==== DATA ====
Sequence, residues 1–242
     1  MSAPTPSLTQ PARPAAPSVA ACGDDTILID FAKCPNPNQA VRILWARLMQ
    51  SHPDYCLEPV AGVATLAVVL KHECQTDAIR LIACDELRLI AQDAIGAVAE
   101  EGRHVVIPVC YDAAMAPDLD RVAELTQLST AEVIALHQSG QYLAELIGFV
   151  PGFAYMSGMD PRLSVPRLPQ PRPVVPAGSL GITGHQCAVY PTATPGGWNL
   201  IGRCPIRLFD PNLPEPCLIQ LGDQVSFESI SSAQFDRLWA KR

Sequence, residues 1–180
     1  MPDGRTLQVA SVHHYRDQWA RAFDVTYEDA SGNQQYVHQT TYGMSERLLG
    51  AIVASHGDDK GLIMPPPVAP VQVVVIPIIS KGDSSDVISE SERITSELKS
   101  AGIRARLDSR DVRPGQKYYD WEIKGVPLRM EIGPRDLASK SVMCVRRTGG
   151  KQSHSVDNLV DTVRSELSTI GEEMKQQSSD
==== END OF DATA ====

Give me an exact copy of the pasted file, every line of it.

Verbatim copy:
Sequence, residues 1–242
     1  MSAPTPSLTQ PARPAAPSVA ACGDDTILID FAKCPNPNQA VRILWARLMQ
    51  SHPDYCLEPV AGVATLAVVL KHECQTDAIR LIACDELRLI AQDAIGAVAE
   101  EGRHVVIPVC YDAAMAPDLD RVAELTQLST AEVIALHQSG QYLAELIGFV
   151  PGFAYMSGMD PRLSVPRLPQ PRPVVPAGSL GITGHQCAVY PTATPGGWNL
   201  IGRCPIRLFD PNLPEPCLIQ LGDQVSFESI SSAQFDRLWA KR

Sequence, residues 1–180
     1  MPDGRTLQVA SVHHYRDQWA RAFDVTYEDA SGNQQYVHQT TYGMSERLLG
    51  AIVASHGDDK GLIMPPPVAP VQVVVIPIIS KGDSSDVISE SERITSELKS
   101  AGIRARLDSR DVRPGQKYYD WEIKGVPLRM EIGPRDLASK SVMCVRRTGG
   151  KQSHSVDNLV DTVRSELSTI GEEMKQQSSD